About one hundred years after Jesus rose from the grave, a Christian prophet named Montanus preached that Jesus would soon return. He said the Holy Spirit told him so. Montanus and his fellow prophets were probably the first Pentecostal-like groups in the early church. One of Montanus's fellow prophets, Maximilla, even said, "after me there will be no more prophecy, but the end." She was wrong. Jesus didn't return after her death.
About four hundred years after Jesus rose from the grave, a barbarian chieftain named Alaric sacked Rome. Christians were sure that the prophecy of Daniel 2, the prophecy about how a fourth empire of iron and clay would fall, had now been fulfilled. One preacher wrote, "Behold, from Adam all the years have passed and now comes the Day of Judgment." Well, even though Rome was sacked in 410, and fell forever in 472, Jesus did not, as it happens, return on those dates.
About one thousand years after Jesus rose from the grave, kings and commoners both feared that the millennium of Revelation was finally done. They went on pilgrimages and to confession to prepare for Jesus' return. He didn't. Others argued that the millennium began when the emperor Constantine made Christianity the official religion of the Roman Empire, meaning Jesus would return in 1326. He didn't.
About 1200 years after Jesus was born, Joachim of Fiore, a Roman Catholic priest, told the English crusader King Richard the Lion Hearted that the sixth head of the dragon mentioned in Revelation 20 was Saladin, the Turkish ruler of Jerusalem--an early example of mistaking the mystical and symbolic texts of the book of Revelation for today's headlines. Joachim of Fiore also told King Richard that Innocent III would be the last pope and Jesus was coming back soon. But Jesus did not return.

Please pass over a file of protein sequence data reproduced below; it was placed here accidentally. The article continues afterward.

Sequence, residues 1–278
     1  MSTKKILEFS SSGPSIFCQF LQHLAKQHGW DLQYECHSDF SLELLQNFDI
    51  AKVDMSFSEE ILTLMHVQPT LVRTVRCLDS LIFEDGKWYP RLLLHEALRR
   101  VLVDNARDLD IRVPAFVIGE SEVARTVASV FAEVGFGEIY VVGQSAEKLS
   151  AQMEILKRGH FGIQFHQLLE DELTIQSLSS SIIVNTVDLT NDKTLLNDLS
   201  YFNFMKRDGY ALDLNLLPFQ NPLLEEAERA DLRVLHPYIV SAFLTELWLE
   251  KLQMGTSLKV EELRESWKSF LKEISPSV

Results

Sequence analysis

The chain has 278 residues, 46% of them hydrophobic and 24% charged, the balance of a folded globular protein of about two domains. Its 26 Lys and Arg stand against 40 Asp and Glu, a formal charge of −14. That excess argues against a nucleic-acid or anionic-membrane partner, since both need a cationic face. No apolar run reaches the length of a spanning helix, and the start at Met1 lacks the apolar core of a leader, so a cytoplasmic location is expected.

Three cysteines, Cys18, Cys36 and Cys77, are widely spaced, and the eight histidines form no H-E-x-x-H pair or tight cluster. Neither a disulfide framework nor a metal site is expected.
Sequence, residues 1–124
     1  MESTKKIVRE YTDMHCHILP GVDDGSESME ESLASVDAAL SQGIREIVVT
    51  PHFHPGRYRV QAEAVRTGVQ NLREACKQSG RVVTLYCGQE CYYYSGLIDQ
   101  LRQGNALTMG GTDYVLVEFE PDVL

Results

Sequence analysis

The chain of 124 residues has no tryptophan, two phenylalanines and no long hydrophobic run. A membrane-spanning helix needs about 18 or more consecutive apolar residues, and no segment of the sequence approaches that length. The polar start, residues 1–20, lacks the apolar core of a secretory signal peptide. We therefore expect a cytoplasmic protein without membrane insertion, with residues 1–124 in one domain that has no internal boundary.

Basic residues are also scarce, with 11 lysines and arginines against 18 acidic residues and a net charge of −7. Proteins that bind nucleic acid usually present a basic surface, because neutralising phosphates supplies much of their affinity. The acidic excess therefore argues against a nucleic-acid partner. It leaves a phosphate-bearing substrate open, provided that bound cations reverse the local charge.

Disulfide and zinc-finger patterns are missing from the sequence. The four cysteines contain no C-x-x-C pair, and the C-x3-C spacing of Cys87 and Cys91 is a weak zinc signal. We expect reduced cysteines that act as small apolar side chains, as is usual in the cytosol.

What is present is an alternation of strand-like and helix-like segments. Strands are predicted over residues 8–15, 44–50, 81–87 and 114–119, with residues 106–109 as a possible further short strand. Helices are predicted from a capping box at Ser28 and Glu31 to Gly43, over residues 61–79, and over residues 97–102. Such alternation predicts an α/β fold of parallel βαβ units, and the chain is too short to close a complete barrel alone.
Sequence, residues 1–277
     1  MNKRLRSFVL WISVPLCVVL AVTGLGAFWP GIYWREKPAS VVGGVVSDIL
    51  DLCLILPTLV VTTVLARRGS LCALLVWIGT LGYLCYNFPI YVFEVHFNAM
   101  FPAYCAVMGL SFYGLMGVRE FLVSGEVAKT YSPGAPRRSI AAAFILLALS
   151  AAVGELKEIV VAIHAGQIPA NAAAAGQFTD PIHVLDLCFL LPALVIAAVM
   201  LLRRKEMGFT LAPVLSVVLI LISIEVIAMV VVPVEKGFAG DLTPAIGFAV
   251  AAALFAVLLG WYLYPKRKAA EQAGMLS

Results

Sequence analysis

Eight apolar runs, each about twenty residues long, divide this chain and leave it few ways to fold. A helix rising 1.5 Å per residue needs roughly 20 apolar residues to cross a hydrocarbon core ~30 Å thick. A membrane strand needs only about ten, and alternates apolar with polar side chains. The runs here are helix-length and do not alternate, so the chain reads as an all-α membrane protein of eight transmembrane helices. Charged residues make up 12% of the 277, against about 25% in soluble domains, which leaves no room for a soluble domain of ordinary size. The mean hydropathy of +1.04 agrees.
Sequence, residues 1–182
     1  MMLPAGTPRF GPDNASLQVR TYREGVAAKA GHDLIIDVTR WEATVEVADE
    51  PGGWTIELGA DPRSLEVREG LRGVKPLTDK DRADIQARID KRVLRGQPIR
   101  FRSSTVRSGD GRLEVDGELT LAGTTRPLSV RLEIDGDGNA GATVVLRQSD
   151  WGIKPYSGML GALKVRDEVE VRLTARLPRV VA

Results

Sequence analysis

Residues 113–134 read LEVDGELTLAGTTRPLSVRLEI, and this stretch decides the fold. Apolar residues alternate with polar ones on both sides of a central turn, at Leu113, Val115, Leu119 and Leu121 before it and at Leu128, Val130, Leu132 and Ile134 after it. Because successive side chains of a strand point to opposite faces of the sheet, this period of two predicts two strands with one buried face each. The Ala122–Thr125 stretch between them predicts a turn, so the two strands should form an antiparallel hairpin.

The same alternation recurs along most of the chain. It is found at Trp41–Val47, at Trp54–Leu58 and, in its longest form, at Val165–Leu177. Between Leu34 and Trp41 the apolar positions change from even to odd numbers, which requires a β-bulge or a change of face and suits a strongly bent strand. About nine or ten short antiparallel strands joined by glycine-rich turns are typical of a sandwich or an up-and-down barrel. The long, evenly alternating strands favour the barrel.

About 1600 years after Jesus' resurrection, the great Scottish Mathematician John Napier was born. He was the mathematician who first worked out the concept of logarithms, which most of us studied in high school or college. Based on his study of Revelation, and after running his own numbers, Napier insisted that his current pope was the antichrist. He wrote an immensely popular book that predicted that Jesus would return in 1688 or 1700. But Jesus did not return.
About 1650 years after Jesus rose from the grave, Czar Alexander tried to reform the Russian Orthodox Church to be like the Greek Orthodox Church, which mostly involved changes in the liturgy. Many people thought this made the Czar the Antichrist of Revelation. Worship wars are an ancient Christian tradition, I guess. Anyway, these opponents to Alexander's changes predicted that Jesus would return in 1666--666 being the number of the beast. Rather than obey Alexander, who sent his armies to force people to worship his way, tens of thousands of the people committed suicide by burning their churches, barns and homes down around themselves and their families rather than submit. Jesus, however, did not return.
About 1700 years after Jesus' resurrection, Sir Isaac Newton, the first person to describe the theory of gravity as we now know it, and perhaps one of the greatest geniuses of all time--Sir Isaac Newton predicted that the end of the world would come in 1944. Jesus did not return at that time, however.
About 1750 years after Jesus was born, the Puritan Reformed scholar Jonathan Edwards, predicted that the papacy would fall in 1866 and that Jesus would return in the year 2000. Now, even though Jonathan Edwards was perhaps the greatest revival preacher ever, and even though he is still thought of by many people as the greatest philosopher and theologian in the tradition of John Calvin ever—Jonathan Edwards was wrong about Jesus coming back in Y2K.